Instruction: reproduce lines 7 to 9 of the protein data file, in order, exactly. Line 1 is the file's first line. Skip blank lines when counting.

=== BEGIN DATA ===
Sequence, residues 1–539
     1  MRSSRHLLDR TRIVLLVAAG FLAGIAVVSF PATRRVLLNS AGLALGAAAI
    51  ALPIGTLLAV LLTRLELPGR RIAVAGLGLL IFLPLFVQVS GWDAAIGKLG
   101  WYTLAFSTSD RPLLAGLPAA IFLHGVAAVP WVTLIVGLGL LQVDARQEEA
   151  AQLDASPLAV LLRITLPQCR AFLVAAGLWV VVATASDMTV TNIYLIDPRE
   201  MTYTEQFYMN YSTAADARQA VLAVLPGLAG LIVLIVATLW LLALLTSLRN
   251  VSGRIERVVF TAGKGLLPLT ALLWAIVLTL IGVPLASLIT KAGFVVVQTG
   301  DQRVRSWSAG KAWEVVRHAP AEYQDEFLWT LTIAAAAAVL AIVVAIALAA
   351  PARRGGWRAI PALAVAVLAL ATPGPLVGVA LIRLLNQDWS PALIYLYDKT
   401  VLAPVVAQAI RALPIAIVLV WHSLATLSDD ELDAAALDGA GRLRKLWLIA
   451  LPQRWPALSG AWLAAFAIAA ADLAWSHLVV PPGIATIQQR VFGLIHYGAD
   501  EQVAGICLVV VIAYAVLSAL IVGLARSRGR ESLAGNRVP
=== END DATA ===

   251  VSGRIERVVF TAGKGLLPLT ALLWAIVLTL IGVPLASLIT KAGFVVVQTG
   301  DQRVRSWSAG KAWEVVRHAP AEYQDEFLWT LTIAAAAAVL AIVVAIALAA
   351  PARRGGWRAI PALAVAVLAL ATPGPLVGVA LIRLLNQDWS PALIYLYDKT